Short Stories: Power Ballads by Will Boast (University of Iowa Press) and Round Mountain by Castle Freeman (Concord EPress)

Lately I’ve been listening to my Paul Desmond LPs. “In his music, as in his life, the absurd cohabited with the familiar,” wrote Nat Hentoff. “His was the realm of an urbane dreamer all too aware of how close yearning is to feeling ridiculous.” One hears a longing grown sophisticated to challenge a blunt awareness that in turn casts shadows on the desire. There are only so many notes. Style, said Dizzy Gillespie, is how you get from one note to another. The enigma exists in the spaces between notes, things.

BoastCover.jpgLiterary style works much the same way. The tension between antagonistic forces inhabits the writer’s sentences as a phantom signature. In the ten stories of Power Ballads, Will Boast creates characters who make music – in Wisconsin roadhouse polka bands, church choirs, and recording studios – as aging rock stars, DJs, vocalists and drummers. Lives-in-music are what his stories are about, just as Paul Desmond’s “Skylark” is about a bird. But they engage the reader by way of their frictions and tones. In Boast’s work, the tensions flare between desire and resistance, confidence and disgust, freedom and need, aspiration and limits, commitment and detachment.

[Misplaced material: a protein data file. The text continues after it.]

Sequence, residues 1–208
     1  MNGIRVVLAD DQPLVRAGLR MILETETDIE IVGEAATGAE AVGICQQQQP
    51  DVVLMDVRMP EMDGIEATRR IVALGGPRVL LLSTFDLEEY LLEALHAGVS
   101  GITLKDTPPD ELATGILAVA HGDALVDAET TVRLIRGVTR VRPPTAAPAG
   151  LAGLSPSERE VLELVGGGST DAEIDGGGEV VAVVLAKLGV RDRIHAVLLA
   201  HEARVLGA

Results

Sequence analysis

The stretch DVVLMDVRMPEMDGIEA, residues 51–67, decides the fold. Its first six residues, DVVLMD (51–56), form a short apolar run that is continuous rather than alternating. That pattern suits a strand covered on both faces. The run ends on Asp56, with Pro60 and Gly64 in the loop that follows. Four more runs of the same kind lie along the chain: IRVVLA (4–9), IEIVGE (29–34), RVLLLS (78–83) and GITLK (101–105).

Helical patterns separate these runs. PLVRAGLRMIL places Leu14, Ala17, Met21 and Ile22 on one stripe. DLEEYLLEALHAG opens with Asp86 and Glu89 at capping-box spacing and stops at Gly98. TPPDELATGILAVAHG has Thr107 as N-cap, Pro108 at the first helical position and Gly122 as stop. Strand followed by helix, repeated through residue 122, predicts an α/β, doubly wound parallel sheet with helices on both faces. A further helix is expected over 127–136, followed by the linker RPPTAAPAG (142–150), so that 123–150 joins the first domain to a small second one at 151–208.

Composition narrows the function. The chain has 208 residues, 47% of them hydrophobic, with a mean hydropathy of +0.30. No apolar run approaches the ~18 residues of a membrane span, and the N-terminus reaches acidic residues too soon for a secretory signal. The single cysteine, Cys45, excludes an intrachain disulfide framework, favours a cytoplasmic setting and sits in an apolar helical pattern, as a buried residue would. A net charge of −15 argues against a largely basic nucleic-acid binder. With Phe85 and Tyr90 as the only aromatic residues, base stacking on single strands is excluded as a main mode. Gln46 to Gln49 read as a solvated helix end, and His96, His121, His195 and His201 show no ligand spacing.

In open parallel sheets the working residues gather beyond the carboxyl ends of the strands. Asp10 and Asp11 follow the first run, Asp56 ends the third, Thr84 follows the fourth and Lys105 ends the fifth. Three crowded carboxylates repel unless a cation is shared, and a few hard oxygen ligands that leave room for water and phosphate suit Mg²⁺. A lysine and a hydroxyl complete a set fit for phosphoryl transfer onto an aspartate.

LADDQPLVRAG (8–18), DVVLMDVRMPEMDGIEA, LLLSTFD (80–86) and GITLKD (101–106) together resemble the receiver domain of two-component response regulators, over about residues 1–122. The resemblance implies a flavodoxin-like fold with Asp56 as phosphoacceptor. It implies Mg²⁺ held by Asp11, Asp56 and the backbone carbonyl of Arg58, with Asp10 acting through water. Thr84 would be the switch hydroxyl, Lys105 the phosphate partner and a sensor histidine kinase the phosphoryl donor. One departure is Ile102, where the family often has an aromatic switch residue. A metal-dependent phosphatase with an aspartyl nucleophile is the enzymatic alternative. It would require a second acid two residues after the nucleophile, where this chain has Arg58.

The title story is narrated by a jazz drummer who once had been recruited to play for Soldier, a hard rock band attempting a comeback in the Midwest. The band, who wear military get-ups and are led by a guy named Billy, play a one-hit wonder called “DMZ.” The narrator says, “In front of the fans he never broke character. He was inscrutable, stoic, depthless. He was the samurai. You’d never have known that by day he did tax preparation. ‘That’s the song gotta connect. That’s the one gotta hit. It’s a power ballad. You know what that means, don’t you?”